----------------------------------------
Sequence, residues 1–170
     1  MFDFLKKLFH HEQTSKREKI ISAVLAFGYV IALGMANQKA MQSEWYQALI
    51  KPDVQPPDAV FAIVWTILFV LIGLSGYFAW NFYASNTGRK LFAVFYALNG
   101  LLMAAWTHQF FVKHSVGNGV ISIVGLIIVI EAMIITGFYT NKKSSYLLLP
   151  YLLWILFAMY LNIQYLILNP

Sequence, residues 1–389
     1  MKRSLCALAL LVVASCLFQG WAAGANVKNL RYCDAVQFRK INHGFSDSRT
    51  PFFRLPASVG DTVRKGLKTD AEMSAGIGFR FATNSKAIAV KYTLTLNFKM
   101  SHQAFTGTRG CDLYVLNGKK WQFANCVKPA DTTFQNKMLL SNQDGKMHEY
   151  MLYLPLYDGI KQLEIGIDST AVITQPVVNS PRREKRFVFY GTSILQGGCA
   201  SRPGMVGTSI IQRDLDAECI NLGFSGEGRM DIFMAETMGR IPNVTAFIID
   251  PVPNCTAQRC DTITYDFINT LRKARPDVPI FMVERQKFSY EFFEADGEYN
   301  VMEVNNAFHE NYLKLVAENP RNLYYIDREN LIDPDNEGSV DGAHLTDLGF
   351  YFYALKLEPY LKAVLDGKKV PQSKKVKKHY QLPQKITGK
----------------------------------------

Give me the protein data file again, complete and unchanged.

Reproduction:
Sequence, residues 1–170
     1  MFDFLKKLFH HEQTSKREKI ISAVLAFGYV IALGMANQKA MQSEWYQALI
    51  KPDVQPPDAV FAIVWTILFV LIGLSGYFAW NFYASNTGRK LFAVFYALNG
   101  LLMAAWTHQF FVKHSVGNGV ISIVGLIIVI EAMIITGFYT NKKSSYLLLP
   151  YLLWILFAMY LNIQYLILNP

Sequence, residues 1–389
     1  MKRSLCALAL LVVASCLFQG WAAGANVKNL RYCDAVQFRK INHGFSDSRT
    51  PFFRLPASVG DTVRKGLKTD AEMSAGIGFR FATNSKAIAV KYTLTLNFKM
   101  SHQAFTGTRG CDLYVLNGKK WQFANCVKPA DTTFQNKMLL SNQDGKMHEY
   151  MLYLPLYDGI KQLEIGIDST AVITQPVVNS PRREKRFVFY GTSILQGGCA
   201  SRPGMVGTSI IQRDLDAECI NLGFSGEGRM DIFMAETMGR IPNVTAFIID
   251  PVPNCTAQRC DTITYDFINT LRKARPDVPI FMVERQKFSY EFFEADGEYN
   301  VMEVNNAFHE NYLKLVAENP RNLYYIDREN LIDPDNEGSV DGAHLTDLGF
   351  YFYALKLEPY LKAVLDGKKV PQSKKVKKHY QLPQKITGK